Gov’t Suspends Complaint to UN on Temple

Cambodia has suspended its complaint to the UN Security Coun­cil over the standoff at Preah Vihear temple in order to allow for senior Thai and Cambodian officials to meet Monday in Siem Reap, Infor­mation Minister and government spokesman Khieu Kanharith said Thursday evening.

Thai Prime Minister Samak Sun­daravej called Prime Minister Hun Sen at 4:30 pm Thursday, and the two agreed to hold the meeting Monday morning, Khieu Kanhar­ith said.

The Security Council had been slated to hold an emergency meeting Monday regarding the military standoff.

“Cambodia suspended its complaint to the UN Security Council…. We did this to show our good will to settle the issue. We will use every possible way to settle the issue, bi­laterally or internationally. It is good that we can settle the issue between us,” Khieu Kanharith said, adding that the foreign affairs ministers from both sides will attend the meeting.

Khieu Kanharith said the previous peace talks ended in a stalemate when Thailand raised the is­sue of border demarcation around Preah Vihear temple, where he said approximately 4,000 Thai and Cambodian military personnel are facing off.

He declined to say in detail what will be discussed during Monday’s meeting.

“The agenda is open, but we will discuss how to reduce the tension between the two countries,” Khieu Kanharith said.

Defense Minister Tea Banh, co-president of the General Border Committee and Cambodia’s delegation leader at the first round of peace talks, declined to speculate on the chances for resolution or on what new offers Cambodia might place on the table to defuse the military standoff.

“I cannot tell you before the meeting,” Tea Banh said by telephone late Thursday.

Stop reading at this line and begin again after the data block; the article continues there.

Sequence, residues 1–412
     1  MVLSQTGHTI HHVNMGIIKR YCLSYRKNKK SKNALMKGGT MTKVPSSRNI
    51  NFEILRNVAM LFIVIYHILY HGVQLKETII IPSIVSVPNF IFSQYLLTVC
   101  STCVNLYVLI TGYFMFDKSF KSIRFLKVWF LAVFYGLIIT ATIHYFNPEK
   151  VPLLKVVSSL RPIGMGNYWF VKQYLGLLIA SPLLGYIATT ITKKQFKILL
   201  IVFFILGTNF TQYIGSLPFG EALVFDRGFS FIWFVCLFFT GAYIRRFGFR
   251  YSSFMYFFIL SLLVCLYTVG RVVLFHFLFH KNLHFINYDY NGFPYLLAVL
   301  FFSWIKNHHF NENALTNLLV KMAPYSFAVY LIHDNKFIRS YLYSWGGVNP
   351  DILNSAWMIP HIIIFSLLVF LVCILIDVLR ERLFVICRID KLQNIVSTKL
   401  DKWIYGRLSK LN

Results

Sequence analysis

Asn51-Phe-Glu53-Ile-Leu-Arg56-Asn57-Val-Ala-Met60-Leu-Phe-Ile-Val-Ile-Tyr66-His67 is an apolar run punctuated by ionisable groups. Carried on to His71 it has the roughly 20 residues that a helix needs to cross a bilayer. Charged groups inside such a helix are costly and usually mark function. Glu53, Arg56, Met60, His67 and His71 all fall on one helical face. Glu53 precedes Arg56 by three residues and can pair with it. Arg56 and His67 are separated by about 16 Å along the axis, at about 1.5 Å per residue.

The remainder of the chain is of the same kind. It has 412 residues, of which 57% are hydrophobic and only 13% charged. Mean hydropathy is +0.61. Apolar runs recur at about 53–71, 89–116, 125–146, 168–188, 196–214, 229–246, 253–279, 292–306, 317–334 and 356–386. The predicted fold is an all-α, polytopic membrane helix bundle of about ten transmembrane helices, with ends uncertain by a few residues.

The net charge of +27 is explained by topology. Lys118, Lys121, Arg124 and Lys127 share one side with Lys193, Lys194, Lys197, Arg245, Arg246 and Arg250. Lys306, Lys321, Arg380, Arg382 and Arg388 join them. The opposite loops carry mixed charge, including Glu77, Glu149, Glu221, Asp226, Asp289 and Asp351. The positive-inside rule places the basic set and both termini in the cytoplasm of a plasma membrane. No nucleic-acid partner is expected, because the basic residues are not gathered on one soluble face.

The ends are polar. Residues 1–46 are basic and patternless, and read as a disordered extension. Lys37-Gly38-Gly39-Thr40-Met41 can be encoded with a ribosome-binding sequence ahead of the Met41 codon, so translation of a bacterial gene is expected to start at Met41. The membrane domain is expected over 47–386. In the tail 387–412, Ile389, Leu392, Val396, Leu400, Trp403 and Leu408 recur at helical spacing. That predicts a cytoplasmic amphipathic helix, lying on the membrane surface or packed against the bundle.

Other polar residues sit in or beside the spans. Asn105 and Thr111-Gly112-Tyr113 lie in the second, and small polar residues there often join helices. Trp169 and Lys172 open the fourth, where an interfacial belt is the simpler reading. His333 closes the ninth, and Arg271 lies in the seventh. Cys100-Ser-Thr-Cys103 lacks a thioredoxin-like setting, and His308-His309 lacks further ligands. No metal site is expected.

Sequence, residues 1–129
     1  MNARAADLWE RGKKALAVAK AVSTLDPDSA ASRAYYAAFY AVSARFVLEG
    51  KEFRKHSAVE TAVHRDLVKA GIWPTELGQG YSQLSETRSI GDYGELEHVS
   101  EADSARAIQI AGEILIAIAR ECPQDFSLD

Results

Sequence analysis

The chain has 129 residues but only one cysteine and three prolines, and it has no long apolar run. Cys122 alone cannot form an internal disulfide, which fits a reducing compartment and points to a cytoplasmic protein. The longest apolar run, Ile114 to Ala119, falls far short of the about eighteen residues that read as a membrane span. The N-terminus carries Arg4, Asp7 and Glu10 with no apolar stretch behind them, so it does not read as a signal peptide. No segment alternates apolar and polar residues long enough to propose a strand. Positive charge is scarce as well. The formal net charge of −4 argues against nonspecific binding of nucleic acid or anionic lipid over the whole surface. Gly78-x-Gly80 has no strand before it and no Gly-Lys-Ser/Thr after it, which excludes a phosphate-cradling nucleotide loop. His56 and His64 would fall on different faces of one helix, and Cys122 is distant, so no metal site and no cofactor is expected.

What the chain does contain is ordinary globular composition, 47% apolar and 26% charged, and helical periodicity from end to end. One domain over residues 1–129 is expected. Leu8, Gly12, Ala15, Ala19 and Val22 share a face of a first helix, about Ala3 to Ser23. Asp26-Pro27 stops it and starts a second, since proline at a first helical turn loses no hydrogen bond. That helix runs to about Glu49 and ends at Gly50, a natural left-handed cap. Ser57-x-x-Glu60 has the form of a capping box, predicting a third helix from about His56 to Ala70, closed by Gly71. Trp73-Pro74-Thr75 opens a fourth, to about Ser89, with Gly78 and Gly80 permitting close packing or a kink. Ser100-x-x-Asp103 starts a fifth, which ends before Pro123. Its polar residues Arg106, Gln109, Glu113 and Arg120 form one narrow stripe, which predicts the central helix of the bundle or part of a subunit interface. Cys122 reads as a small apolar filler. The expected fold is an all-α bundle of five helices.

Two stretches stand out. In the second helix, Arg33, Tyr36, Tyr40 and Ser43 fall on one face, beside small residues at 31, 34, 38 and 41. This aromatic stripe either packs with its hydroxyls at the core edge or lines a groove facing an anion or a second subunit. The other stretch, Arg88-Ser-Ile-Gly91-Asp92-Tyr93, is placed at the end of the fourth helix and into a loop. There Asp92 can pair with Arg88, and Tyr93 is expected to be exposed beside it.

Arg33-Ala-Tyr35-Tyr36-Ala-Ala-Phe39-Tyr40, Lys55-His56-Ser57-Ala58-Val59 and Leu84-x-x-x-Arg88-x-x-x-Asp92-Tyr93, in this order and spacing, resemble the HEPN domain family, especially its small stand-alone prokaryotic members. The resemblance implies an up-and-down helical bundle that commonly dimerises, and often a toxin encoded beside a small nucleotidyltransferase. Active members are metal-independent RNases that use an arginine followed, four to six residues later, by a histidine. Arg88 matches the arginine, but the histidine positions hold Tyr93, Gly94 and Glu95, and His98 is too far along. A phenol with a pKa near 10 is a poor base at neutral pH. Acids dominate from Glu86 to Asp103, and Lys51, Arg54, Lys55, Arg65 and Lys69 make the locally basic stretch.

The Thai Embassy in Phnom Penh declined to comment.

The revived bilateral negotiations came after days of stalemate and on the verge of the UN Security Coun­cil taking up Cambodia’s request for an “urgent meeting” to prevent “imminent armed conflicts.”

The UN Security Council began preliminary discussions of Cambo­dia’s complaint Wednesday night, and was slated to continue those talks Thursday, Nguyen Dang Trung, second secretary for Viet­nam’s mission to the UN, said by e-mail from New York. Vietnam is currently serving as president of the 15-nation Security Council.

Foreign Affairs Ministry Secre­tary of State Ouch Borith flew to New York on Wednesday and For­eign Minister Hor Namhong was originally set to fly to New York tonight.

Thailand has opposed Asean or UN intervention, however, and of the UN Security Council’s five permanent members, only France has backed UN intervention at this stage.

“If we can defuse the tensions, and if we can prevent any development that could be dramatic for the region and for peace and security, we will do it, and we think we have to do it,” the Associated Press quoted French Ambassador to the UN Jean-Maurice Ripert as saying Wed­nesday.

Meanwhile, the US and China have said a bilateral approach is preferred.

US Secretary of State Condo­leez­za Rice suggested Thursday that bi­lateral talks continue rather than sending the issue to the UN Secur­ity Council, according to the Asso­ciat­ed Press.

“[W]e believe that this is a problem best resolved bilaterally or within an Asean context,” said US Embassy spokesman John John­son on Thursday. “[T]he least action necessary to achieve a desired objective is the wisest course,” he wrote by e-mail.

Chinese Embassy Third Secre­tary Qian Hai said bilateral negotiations are always the preferred approach.

“We hope they can resolve the dispute through peaceful dialogue,” he said by telephone Wednesday. The British Embassy in Phnom Penh declined to comment, and the Russian Em­bas­sy remained undeclared on how best to re­solve the standoff.

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